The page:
- Jun 2021
But what's the matter with "raw" instance variables? They are internal to your instance; the only code that will call them by name is code inside pancake.rb which is all yours. The fact that they start with @, which I assume made you say "blech", is what makes them private. Think of @ as shorthand for private if you like.
I agree / like that:
@is just shorthand for
But OP clarified in a comment that the
@itself is not what they disliked: it was the accessing data directly instead of going through an accessor method.
The raw variable is the implementation, the accessor is the interface. Should I ignore the interface because I'm internal to the instance?
Setting an instance variable by going through a setter is good practice, and using two access modifiers is the way to accomplish that for a read-only instance variable
I don't think it is too clever. I think it solves the problem idiomatically. I.e., it uses reduce, which is exactly correct. Programmers should be encouraged to understand what is correct, why it is correct, and then propagate. For a trivial operation like average, true, one doesn't need to be "clever". But by understanding what "reduce" is for a trivial case, one can then start applying it to much more complex problems. upvote.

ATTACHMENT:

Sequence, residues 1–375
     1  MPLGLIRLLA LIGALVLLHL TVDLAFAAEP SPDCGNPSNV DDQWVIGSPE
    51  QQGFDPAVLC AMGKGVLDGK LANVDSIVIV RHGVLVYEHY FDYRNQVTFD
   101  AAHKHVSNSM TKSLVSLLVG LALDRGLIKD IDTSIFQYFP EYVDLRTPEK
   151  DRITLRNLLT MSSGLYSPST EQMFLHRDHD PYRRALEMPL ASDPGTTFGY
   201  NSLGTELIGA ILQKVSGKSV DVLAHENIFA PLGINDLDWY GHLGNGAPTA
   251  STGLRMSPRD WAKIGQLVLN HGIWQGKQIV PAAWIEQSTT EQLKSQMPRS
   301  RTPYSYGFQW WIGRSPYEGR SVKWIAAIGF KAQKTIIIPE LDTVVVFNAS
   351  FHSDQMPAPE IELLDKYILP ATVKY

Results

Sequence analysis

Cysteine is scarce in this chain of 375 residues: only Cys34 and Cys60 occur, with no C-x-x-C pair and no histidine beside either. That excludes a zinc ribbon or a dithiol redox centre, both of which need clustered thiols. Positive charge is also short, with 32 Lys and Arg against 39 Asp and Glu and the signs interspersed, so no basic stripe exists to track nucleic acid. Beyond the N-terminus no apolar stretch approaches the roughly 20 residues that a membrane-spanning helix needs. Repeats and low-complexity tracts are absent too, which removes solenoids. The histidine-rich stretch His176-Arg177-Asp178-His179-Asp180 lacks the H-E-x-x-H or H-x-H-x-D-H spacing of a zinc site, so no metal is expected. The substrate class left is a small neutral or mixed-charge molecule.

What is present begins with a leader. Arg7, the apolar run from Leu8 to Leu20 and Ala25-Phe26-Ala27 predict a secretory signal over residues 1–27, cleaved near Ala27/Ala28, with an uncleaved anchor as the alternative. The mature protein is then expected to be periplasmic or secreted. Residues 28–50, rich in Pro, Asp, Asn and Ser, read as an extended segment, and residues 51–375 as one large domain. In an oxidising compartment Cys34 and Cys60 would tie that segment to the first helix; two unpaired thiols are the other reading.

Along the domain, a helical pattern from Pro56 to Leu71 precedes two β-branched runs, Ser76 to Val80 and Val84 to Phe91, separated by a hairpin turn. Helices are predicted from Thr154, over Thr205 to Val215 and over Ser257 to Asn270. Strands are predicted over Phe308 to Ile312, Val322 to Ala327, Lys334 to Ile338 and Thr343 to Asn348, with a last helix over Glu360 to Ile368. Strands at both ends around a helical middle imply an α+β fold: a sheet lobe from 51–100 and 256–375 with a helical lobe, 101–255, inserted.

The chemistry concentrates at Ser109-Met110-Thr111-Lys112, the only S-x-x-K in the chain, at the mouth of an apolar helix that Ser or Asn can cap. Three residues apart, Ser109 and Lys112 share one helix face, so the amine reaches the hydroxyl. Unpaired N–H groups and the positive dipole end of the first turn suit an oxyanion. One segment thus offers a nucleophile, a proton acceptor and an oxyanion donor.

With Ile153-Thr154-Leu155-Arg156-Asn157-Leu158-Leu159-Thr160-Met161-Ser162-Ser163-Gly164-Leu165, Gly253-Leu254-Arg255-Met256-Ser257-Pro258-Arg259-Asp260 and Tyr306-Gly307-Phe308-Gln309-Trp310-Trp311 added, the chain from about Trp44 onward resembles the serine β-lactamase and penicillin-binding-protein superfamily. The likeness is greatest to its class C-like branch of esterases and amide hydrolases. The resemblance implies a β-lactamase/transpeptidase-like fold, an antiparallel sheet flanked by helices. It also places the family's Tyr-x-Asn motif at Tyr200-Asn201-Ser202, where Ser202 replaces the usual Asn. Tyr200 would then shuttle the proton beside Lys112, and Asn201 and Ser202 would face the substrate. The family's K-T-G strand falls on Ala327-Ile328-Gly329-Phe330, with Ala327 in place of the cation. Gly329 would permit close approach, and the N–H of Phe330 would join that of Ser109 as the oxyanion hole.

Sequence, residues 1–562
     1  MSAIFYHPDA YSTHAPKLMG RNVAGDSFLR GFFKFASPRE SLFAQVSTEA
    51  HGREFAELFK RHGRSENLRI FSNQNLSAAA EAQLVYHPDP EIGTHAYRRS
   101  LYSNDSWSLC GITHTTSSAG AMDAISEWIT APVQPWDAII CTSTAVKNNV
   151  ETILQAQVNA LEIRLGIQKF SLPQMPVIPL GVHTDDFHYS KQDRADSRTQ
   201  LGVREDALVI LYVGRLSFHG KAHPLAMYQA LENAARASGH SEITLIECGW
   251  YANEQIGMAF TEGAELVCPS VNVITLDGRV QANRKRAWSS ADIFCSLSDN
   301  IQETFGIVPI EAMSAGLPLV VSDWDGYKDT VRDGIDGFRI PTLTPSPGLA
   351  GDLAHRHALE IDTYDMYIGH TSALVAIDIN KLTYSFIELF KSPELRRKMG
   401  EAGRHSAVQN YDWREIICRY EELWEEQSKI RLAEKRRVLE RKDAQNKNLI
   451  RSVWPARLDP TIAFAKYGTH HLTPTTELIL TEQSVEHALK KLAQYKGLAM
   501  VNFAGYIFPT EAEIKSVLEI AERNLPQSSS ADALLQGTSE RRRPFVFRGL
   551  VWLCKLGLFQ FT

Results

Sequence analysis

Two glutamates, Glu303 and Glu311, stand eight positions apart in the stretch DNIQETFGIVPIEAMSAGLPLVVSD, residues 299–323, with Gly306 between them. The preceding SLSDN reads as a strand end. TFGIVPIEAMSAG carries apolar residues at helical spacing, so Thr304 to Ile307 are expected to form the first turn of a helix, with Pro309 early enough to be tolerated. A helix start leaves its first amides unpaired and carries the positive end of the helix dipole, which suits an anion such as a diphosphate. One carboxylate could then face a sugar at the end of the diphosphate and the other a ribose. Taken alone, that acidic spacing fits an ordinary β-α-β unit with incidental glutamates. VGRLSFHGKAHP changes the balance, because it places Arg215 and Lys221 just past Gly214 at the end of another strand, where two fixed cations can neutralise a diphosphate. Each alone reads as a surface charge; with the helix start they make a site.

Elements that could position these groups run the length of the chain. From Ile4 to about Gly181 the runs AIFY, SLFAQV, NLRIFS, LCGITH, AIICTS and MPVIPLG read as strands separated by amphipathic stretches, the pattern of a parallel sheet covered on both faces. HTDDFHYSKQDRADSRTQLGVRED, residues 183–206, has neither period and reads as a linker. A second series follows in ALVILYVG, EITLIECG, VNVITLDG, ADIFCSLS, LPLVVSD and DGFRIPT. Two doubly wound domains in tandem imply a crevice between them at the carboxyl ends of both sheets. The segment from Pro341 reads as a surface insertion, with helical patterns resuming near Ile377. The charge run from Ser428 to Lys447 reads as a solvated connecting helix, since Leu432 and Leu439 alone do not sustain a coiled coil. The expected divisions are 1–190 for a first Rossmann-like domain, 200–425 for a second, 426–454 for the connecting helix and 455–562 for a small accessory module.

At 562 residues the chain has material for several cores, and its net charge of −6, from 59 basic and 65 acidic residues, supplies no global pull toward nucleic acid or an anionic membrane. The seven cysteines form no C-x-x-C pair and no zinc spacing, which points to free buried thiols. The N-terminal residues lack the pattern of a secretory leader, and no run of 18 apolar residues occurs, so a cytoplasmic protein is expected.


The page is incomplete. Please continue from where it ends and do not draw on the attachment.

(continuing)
Thanks, this was just what I was looking for! This is a perfect appropriate use of instance_eval. I do not understand the nay-sayers. If you already have your array in a variable, then sure, a.reduce(:+) / a.size.to_f is pretty reasonable. But if you want to "in line" find the mean of an array literal or an array that is returned from a function/expression — without duplicating the entire expression ([0,4,8].reduce(:+) / [0,4,8].length.to_f, for example, is abhorrent) or being required to assign to a local, then instance_eval option is a beautiful, elegant, idiomatic solution!!
- too clever
- I agree
- idiomatic Ruby
- appropriate use case
- Ruby: instance_eval
- my comments
- clever solution
- where it shines / best application
- I have a differing opinion
- idiomatic (programming)